An interesting case of triphalangeal thumb

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Triphalangeal thumb (TPT) is a congenital hand anomaly in which the thumb has an additional phalanx. The true incidence of the condition is unknown, but is estimated at 1:25,000 live births. In about two-thirds of the patients with triphalangeal thumbs, there is a hereditary component.

Clinical presentation of triphalangeal thumb can vary considerably and can be present in both hands or unilateral. The thumb can be long with a finger-like appearance. The presence of clinodactyly depends on the shape of the extra phalanx varying from wedge-shaped to rectangular. Various joints, ligaments, muscles, and tendons of the first ray can be hypoplastic or absent, with varying degrees of stiffness or instability.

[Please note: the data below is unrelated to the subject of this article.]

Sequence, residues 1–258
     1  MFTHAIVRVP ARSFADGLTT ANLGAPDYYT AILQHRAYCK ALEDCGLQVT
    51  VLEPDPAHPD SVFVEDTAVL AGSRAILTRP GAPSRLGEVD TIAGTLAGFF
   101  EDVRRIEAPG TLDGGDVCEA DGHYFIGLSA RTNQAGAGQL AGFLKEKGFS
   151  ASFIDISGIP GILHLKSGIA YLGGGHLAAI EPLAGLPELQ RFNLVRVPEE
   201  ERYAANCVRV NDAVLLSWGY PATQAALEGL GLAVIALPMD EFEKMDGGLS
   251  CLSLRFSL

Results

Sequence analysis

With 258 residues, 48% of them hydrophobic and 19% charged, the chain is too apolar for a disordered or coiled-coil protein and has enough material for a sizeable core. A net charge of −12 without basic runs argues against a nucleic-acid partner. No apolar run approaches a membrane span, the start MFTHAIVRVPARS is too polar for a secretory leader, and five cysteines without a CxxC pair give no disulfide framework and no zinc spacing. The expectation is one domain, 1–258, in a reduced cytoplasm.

In general the surgical treatment is done for improvement of the thumb function. However, an extra advantage of the surgery is the improvement in appearance of the thumb. In the past, surgical treatment of the triphalangeal thumb was not indicated, but now it is generally agreed that operative treatment improves function and appearance. Because an operation was not indicated in the past, there’s still a population with an untreated triphalangeal thumb.

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